Water is Muskokas most valuable asset. Lake Muskoka is part of a large watershed called the Muskoka River Watershed. The Muskoka River Watershed covers a large area on the eastern side of Georgian Bay. Its headwaters are found on the western slopes of Algonquin Park. The Flow is southwesterly for a distance of approximately 210 km. It discharges into the southeast corner of Georgian Bay. The watershed basin encompasses many of Muskoka’s most well known lakes including Lake of Bays, Mary Lake and of course Lake Rosseau, Lake Joseph and Lake Muskoka.
The Watershed Area
The watershed measures over 62 km at its widest point and is approximately 120 km long. It encompasses an area of approximately 4,660 sq. km. The watershed is divided into three drainage areas, the North Branch, South Branch, and Lower Muskoka. The North and South Branches make up the eastern two-thirds of the watershed. The Lower Muskoka sub watershed covers approximately the western one-third of the watershed. It receives the inflow from both the North and South Branches as well as Lakes Joseph and Rosseau. This combined flow passes through the Moon and Musquash Rivers and discharges into Georgian Bay.
There are over 2,000 lakes within the watershed area covering about 17% of the total basin. They are what makes Muskoka “Cottage Country”. Hundreds of thousands of visitors and recreational property owners come to the region to enjoy the beauty. The Muskoka River descends approximately 345 metres in elevation along its 210 km journey from its headwaters to its mouth at Georgian Bay.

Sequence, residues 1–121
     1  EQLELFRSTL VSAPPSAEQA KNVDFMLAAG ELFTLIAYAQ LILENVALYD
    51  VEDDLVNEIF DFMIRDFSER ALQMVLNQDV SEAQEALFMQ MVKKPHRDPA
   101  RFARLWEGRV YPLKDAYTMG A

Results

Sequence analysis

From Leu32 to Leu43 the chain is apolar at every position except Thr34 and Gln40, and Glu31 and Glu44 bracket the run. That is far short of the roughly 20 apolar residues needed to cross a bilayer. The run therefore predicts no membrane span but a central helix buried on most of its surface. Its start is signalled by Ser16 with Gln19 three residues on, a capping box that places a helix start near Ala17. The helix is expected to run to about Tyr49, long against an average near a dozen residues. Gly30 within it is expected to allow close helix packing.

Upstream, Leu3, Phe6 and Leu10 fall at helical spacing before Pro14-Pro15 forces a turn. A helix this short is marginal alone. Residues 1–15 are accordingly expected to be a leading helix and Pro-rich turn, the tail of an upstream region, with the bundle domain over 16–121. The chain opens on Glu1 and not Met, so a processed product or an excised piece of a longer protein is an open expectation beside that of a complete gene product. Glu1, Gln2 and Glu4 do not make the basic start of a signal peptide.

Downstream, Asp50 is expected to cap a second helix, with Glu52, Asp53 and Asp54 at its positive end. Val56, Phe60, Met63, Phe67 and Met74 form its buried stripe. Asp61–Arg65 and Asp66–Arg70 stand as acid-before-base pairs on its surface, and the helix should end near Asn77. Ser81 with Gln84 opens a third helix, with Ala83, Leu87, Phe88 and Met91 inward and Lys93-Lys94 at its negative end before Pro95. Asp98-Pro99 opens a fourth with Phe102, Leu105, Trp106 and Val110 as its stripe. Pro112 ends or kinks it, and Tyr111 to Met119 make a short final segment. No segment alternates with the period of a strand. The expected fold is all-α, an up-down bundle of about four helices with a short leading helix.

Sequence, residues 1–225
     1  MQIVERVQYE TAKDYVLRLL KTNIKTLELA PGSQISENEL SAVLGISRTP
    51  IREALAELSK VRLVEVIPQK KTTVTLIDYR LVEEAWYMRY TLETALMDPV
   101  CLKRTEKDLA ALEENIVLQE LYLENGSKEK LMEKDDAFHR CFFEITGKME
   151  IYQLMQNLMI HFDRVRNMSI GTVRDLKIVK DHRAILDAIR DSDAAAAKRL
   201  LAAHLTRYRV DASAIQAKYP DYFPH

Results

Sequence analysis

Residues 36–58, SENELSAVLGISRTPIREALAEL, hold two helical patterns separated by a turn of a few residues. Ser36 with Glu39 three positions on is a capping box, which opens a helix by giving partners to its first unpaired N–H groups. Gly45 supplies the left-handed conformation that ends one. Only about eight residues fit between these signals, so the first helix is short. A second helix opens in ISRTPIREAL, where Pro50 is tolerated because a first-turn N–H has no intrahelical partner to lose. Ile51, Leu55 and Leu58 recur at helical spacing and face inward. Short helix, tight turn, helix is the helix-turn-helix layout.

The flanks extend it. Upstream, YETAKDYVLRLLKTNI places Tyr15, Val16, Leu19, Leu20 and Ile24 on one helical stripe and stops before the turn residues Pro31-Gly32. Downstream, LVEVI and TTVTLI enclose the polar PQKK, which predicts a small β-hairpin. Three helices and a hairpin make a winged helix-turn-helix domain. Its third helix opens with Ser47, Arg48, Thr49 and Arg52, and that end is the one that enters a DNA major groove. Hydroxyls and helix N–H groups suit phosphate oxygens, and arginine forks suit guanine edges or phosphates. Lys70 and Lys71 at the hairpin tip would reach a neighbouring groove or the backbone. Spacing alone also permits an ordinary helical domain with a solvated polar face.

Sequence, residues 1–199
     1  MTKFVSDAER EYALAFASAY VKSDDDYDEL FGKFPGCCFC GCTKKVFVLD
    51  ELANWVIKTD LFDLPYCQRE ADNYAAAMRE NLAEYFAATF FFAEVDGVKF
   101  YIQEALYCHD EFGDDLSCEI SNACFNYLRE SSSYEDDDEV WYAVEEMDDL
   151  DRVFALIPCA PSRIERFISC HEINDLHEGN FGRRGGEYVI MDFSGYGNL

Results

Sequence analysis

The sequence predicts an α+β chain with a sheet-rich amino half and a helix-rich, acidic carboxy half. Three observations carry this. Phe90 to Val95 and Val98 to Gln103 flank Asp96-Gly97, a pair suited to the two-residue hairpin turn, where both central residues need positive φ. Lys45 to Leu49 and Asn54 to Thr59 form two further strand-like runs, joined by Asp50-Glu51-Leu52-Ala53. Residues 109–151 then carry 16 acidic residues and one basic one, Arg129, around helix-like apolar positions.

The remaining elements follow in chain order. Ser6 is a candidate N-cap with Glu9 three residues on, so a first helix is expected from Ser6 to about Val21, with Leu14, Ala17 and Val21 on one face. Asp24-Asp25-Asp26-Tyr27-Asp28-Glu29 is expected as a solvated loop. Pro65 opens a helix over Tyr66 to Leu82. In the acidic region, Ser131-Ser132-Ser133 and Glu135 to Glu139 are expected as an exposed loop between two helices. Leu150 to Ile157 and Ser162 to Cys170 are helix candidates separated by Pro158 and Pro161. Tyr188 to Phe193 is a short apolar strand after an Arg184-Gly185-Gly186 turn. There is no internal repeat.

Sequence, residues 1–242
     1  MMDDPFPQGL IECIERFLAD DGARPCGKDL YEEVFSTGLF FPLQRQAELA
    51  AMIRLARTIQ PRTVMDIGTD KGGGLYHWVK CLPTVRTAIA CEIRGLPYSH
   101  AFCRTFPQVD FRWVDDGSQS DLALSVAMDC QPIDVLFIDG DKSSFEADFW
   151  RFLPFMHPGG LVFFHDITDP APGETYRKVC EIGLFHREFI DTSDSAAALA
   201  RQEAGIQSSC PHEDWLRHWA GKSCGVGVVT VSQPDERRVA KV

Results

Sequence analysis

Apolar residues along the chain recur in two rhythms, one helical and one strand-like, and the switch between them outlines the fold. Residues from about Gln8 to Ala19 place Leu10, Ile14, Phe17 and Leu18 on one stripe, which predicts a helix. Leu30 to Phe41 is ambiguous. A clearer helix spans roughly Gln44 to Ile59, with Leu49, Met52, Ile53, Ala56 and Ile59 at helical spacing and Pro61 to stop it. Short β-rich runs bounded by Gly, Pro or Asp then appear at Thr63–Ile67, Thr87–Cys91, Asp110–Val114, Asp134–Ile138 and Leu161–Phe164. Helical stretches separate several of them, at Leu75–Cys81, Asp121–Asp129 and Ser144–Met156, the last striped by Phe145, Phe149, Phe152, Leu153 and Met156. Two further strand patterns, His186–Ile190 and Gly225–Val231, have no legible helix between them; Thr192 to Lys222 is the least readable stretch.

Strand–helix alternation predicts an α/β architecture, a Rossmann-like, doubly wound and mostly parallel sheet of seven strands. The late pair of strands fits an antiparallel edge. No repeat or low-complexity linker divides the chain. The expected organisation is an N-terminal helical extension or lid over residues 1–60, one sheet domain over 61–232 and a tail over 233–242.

Watersheds are nature’s way of cleaning our environment, they have three primary functions: to capture water, to filter and store water in the soil and to release water into a water body. You could think of a watershed as a giant sponge. As precipitation falls, it is stored in the watershed’s land and water bodies and slowly released through shallow water discharge into the river.
Why Does it Matter
Why is understanding the watershed important, you may ask? Well, as all living things in our region, including us humans, depend upon this ecosystem we need to be invested in its well being. The effects of forestry, agriculture, industry and urbanization are all recorded in the water as it flows along its path. For better or worse, each tributary stream, wetland or spring which joins together reflects the health of the region. We need to make sure our footprint on it is minimal.
How can you be a positive contributor to its well being? By doing little things like selecting phosphate free detergents and cleaners if you are on a septic system. Make sure your septic is inspected regularly and serviced when needed. Using all natural insecticides and pesticides in your garden and making sure your boat motor is well tuned up and not leaking oil and fuel into the lake.
Water is Muskokas most valuable asset. I am sure you can think of more ways to preserve this beautiful region. If we all take on the mind set of caring to protect what we all value, it will be here for future generations. There is a great deal of information about all things to do with our waterways including information about the Muskoka Watershed.